The Scottish Parliament's Economy, Energy and Tourism Committee said the rise would help local planning authorities struggling to keep up with the number of onshore wind applications by allowing them to invest in more staff and resources to deal with the influx.
"The committee is supportive of fee increases for larger-scale permitting applications where these will not disadvantage community developers", the committee said in a report published last month on its inquiry into Scotland's ability to hit its target of generating 100% of its electricity from renewables by 2020.
In return for the increased fee income, councils should become more efficient, the committee recommended. For example, they could gather information on cumulative visual impact from their own records, rather than each developer having to undertake this separately, it suggests.
The fee rise recommendation follows the Scottish Government's unveiling of a £300,000 fund in September to support councils processing wind applications. In its report, the committee rejected calls by some councils to impose a moratorium on wind farm permitting applications until the current backlog was dealt with.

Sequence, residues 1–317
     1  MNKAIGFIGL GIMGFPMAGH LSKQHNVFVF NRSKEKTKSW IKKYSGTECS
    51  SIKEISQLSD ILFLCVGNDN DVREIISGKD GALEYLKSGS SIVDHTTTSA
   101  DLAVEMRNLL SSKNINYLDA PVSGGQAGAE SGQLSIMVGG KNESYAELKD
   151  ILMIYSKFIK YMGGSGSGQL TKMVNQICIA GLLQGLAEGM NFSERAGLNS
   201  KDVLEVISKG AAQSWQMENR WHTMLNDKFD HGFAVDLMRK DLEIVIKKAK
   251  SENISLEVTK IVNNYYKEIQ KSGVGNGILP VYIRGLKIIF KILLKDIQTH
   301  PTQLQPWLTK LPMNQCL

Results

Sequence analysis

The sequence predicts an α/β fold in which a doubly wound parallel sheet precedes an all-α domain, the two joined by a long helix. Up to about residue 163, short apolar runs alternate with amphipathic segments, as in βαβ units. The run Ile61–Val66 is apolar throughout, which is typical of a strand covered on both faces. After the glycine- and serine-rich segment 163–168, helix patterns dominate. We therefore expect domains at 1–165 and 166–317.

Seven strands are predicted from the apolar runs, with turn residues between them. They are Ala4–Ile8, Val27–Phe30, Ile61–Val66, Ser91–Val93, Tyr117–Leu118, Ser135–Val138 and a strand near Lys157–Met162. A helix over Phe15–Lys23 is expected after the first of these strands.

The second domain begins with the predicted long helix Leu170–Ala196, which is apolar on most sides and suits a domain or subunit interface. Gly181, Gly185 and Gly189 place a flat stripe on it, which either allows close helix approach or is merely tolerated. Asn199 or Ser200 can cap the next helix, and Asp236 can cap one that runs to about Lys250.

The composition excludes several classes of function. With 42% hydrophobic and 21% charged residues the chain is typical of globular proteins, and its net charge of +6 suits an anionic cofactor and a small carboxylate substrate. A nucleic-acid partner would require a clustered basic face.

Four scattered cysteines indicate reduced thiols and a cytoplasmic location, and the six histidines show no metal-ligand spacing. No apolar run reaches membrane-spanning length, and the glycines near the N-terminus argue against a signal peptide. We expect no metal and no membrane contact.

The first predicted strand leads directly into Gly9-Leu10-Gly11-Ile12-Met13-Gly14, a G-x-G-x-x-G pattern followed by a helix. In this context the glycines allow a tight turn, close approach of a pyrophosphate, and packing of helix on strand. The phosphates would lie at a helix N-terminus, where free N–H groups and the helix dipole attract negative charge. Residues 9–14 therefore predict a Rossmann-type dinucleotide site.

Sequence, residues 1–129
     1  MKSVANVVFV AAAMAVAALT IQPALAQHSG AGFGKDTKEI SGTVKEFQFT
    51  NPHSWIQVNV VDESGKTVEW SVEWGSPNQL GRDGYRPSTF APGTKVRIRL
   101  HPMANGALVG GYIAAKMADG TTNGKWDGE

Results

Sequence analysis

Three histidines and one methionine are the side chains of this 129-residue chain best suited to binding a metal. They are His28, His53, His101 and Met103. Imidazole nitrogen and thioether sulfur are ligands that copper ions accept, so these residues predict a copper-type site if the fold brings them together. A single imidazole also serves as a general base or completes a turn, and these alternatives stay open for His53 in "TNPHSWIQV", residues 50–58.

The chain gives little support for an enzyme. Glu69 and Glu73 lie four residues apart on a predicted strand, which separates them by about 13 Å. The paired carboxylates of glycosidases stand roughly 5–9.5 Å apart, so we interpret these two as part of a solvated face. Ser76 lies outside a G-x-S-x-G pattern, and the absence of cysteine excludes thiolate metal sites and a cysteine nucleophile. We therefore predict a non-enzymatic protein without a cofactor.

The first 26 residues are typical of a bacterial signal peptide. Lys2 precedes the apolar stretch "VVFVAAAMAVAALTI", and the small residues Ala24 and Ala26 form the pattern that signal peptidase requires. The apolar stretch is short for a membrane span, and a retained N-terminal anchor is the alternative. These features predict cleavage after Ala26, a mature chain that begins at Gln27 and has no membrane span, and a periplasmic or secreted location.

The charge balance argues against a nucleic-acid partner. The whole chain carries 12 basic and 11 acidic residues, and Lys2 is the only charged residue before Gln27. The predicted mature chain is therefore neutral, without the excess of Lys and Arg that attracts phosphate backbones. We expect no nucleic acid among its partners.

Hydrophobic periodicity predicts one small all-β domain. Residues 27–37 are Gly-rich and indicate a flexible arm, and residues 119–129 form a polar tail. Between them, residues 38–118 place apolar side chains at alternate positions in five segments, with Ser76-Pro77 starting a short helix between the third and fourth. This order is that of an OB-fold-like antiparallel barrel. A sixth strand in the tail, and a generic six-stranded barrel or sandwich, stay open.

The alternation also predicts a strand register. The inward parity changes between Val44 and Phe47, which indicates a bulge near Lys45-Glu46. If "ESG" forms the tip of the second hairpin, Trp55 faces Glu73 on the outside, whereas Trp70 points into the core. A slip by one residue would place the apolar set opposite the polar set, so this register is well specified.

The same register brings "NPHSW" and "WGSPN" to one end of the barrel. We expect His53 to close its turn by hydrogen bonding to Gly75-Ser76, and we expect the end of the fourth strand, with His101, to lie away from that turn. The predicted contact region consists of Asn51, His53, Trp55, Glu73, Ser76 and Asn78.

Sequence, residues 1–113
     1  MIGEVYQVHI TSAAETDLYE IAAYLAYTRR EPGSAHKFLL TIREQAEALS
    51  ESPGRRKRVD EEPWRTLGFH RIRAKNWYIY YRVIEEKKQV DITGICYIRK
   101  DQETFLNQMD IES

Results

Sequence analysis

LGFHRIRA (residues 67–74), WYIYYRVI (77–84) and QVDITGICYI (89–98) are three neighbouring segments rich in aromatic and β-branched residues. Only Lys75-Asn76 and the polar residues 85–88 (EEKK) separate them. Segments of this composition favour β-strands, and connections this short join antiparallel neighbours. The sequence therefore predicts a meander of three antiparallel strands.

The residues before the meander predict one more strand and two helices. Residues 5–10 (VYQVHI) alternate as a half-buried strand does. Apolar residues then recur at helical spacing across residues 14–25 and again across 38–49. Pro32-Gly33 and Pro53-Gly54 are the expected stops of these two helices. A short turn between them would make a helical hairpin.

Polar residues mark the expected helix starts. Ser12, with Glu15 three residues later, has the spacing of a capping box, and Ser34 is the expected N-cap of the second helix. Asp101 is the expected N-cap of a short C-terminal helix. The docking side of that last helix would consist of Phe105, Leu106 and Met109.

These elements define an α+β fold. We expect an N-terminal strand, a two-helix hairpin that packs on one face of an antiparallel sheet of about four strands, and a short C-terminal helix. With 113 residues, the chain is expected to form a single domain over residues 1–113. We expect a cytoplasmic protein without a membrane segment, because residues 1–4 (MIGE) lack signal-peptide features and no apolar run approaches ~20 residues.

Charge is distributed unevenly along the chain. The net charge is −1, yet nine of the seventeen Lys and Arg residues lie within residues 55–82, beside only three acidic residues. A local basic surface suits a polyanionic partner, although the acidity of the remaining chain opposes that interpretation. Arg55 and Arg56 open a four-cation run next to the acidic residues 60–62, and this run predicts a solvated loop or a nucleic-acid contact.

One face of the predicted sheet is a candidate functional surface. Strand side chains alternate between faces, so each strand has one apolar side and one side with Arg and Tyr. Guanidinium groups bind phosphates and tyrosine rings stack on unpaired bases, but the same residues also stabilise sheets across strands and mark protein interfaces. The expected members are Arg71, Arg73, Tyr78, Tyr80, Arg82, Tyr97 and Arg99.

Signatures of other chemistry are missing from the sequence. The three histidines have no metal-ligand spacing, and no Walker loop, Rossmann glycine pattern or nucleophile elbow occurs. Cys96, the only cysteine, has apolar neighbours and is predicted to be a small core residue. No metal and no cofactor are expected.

Overall, the committee's report was confident Scotland could hit its 2020 target of 100% renewables, notwithstanding the challenges within the permitting system and the ability of developers to gain access to project finance.
The committee also used the report to criticise the Westminster government for "breeding uncertainty" by allowing a further review of Renewable Obligation Certificates (ROCs) in 2014 after agreeing revised rates in July.
The report attacked those who have claimed that wind would damage Scotland's tourism industry. No witness provided robust evidence that this was the case, the committee said.
US entrepreneur Donald Trump ran a venomous anti-wind power campaign in his bid to block Swedish utility Vattenfall's 100MW European Offshore Wind Centre from being built near to Trump's planned £750 million luxury hotel and golf course in Aberdeen Bay on the east coast of Scotland.
Sam Gardner, senior policy officer at environmental charity WWF Scotland said: "Trump really needs to get the message that he is massively out of line with public opinion in Scotland."